Continuing last week’s countdown of the 10 sporting events this year I enjoyed the most.
5) Secretariat (October 10) — A cinema may not be your typical venue for a sporting event, but for this Sunday matinee, it sure felt like one. The story of Secretariat’s gallop to the 1973 Triple Crown is the best sports movie since Miracle (Disney has mastered this formula). Diane Lane (as the thoroughbred’s owner, Penny Chenery), John Malkovich (as trainer Lucien Laurin), and Nelsan Ellis (as groom Eddie Sweat) are perfectly cast, and there are at least three stand-up-and-cheer moments, including actual footage from the ’73 Preakness. If you didn’t get goose bumps when Secretariat — in the gate — turned to stare down Sham, you must have been refilling your popcorn.
4) Redbirds 8, Bees 7 (August 19) — Over the first eight innings of this roller-coaster ride, the teams combined for six runs. Then they scored a total of nine in the final frame. The Redbirds had what looked like a comfortable 5-1 lead with three outs to go, and brought in closer Fernando Salas to finish the job. (Salas was 18 for 18 in save opportunities, though with a four-run lead, this didn’t qualify.) The Bees attacked the PCL All-Star, though, and scored six runs to take a 7-5 lead. But then in the bottom of the ninth, Joe Mather — having struck out a franchise-record six times in a game earlier in the week — drilled a two-run homer to tie things up. Mather was immediately followed by Mark Hamilton, who snuck an opposite-field homer inside the leftfield foul pole, his second bomb of the game, and a walk-off memory-maker for a sparse Thursday-night crowd.
3) Braves 4, Marlins 1 (July 3) — I have some happy memories from Atlanta. My little sister was born 10 days before Hank Aaron broke Babe Ruth’s career home run record. (Hard to steal a Home Run King’s thunder, but Liz managed.) Then in 1982, I was in Atlanta-Fulton County Stadium when the St. Louis Cardinals won their first National League pennant in my lifetime. (Never has a silent stadium sounded better.) But last July I made my first trip to Turner Field with some old friends from middle Tennessee, one of them a longtime Braves fan. Saw an 11-inning win by the home team on a Friday night, then enjoyed baseball under sunshine the day before flags and fireworks took over. Atlanta scored all four of its runs in the fourth inning, plenty for starting pitcher Tommy Hanson. Bill Wagner — a borderline Hall of Famer — got the save in his final season, and Cody Ross scored the only run for Florida. Ross would become famous three months later in helping lead the San Francisco Giants to the world championship (he was MVP of the NLCS).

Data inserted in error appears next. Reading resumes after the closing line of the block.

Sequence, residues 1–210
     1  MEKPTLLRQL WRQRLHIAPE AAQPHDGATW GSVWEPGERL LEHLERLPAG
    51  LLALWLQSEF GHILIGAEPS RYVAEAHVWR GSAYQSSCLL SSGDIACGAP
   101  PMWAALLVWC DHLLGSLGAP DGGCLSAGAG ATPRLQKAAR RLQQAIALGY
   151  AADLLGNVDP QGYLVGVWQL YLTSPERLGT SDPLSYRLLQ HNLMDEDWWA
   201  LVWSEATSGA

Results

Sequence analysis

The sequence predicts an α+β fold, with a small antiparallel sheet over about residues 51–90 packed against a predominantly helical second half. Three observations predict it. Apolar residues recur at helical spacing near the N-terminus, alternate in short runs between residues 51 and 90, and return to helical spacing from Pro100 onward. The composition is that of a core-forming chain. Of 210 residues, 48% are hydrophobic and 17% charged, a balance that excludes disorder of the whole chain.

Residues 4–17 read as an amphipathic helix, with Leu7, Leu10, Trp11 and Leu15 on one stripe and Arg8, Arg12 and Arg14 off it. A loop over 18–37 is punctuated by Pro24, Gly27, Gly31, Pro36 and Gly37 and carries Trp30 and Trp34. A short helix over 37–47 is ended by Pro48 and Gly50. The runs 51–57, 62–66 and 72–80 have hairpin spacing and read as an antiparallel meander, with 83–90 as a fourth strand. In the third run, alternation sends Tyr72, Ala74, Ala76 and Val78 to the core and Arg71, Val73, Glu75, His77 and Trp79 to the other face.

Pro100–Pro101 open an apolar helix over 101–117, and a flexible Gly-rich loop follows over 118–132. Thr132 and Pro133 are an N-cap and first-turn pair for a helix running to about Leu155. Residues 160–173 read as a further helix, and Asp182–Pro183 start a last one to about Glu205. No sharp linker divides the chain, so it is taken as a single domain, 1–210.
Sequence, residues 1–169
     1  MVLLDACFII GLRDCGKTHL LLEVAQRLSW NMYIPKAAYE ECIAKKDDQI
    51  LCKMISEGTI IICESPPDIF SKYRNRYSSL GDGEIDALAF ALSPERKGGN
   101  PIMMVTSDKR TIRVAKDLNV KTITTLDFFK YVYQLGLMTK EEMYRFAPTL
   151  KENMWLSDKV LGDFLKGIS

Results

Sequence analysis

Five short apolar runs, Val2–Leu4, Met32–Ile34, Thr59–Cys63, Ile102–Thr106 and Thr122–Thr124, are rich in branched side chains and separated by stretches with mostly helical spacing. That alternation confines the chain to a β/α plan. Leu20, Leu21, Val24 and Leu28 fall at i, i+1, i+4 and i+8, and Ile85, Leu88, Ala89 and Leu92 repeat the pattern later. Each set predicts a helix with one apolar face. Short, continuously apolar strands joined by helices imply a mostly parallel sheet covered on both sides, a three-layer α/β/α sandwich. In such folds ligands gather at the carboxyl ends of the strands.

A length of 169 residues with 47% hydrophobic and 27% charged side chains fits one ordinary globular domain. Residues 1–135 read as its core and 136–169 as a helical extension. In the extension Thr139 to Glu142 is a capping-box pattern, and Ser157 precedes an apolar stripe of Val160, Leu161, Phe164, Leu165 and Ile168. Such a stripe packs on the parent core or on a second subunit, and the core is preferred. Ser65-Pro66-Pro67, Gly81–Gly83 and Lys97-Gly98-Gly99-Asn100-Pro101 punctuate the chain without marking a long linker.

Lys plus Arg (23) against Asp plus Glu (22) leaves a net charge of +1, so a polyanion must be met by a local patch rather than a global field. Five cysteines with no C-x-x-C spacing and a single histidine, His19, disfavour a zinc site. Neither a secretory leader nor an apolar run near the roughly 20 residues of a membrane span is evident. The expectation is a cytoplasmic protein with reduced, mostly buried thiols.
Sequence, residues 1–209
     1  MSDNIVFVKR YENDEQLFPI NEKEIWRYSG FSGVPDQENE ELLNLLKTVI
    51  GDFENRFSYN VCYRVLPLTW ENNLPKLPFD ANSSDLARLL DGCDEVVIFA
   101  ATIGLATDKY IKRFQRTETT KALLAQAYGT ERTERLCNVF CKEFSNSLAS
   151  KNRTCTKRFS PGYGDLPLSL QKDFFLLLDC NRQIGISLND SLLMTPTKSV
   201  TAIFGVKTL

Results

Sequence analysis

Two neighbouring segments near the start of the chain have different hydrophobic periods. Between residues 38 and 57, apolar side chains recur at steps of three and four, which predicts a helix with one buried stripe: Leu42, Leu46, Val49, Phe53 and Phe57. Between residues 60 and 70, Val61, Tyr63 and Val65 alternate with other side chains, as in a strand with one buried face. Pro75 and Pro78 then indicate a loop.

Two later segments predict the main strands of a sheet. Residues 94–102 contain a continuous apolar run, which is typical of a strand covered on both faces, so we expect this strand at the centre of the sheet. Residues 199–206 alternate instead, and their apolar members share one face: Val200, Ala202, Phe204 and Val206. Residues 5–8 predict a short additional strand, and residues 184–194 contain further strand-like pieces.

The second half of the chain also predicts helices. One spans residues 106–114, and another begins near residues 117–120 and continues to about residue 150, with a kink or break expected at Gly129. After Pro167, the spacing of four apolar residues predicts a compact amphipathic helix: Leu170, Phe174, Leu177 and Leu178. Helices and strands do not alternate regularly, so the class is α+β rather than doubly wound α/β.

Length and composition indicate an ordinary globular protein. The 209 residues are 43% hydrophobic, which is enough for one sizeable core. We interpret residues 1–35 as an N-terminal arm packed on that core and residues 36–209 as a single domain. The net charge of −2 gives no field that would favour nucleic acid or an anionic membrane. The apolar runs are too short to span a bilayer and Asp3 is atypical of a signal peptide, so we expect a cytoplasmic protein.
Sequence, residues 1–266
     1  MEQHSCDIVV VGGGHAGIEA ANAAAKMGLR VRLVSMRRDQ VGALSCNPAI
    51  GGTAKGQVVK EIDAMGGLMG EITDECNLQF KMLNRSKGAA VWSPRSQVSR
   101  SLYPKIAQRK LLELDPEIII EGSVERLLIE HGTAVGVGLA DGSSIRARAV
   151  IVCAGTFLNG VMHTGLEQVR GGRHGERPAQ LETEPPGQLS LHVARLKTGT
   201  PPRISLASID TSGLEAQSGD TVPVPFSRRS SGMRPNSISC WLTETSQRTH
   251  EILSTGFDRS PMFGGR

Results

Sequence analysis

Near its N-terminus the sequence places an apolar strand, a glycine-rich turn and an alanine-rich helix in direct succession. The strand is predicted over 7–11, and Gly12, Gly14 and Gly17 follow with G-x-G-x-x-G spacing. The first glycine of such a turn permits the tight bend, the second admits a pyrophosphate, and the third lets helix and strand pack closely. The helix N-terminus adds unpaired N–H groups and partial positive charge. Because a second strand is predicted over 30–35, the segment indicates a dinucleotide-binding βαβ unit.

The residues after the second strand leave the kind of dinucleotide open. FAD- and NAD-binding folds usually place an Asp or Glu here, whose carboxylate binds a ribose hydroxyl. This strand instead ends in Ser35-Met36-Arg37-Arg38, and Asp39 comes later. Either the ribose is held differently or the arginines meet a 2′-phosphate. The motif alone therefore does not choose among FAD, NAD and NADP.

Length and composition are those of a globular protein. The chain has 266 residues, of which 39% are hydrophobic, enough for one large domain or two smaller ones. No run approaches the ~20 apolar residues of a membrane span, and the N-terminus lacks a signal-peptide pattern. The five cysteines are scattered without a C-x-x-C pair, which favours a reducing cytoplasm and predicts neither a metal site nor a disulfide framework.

2) Tigers 73, St. John’s 71 (March 17) — Had things gone a little differently 25 years earlier at the Final Four in Lexington, these two teams would have played for a national championship. But on this night — with the smallest crowd of the season at FedExForum, many of them in green instead of blue — the Tigers and Red Storm battled for a second-round berth in the NIT. And it was some kind of battle. Memphis took a nine-point lead at halftime, thanks to 10 three-pointers. But they needed a trey from Wesley Witherspoon — the only one they’d make in the second half — to regain the lead with less than a minute to play. Witherspoon also made two free throws in that final minute, but it was the last play of the game that 10,200 fans will be talking about years from now. With the game tied at 71, Witherspoon took a pass from Elliot Williams and drove through the lane, throwing up a desperation shot off the glass as time expired. Only after the buzzer sounded did the ball gently fall through the net, setting off the kind of pandemonium that would make a roomful of leprechauns proud.
1) Andy Roddick vs. James Blake (February 17) — These are the two best American tennis players since Pete Sampras and Andre Agassi were in their prime in the late Nineties. As recently as 2006, Blake was number four in the world. Roddick was the last player not named Federer or Nadal to end a year atop the world rankings (in 2003, the same year he won the U.S. Open). It was a showdown that managed to live up to hype, and in front of a standing-room-only crowd in excess of 5,200 at the Racquet Club of Memphis stadium court. Dressed in black from his cap to his sneakers, Roddick broke Blake in the fourth game of the first set on his way to a 6-3 win. In the second, Blake answered a Roddick break with two of his own for a 6-4 win. Then, down 5-4 in the third set, Blake managed to break the world’s seventh-ranked player and extend the match to a third-set tiebreaker. Roddick won a pair of points on Blake’s serve in the tiebreaker to win, 7-3. Unfortunately, the match took place in the first round of the Regions Morgan Keegan Championships (a reflection of Blake’s ranking having recently tumbled into the fifties). Roddick went on to lose in the quarterfinals.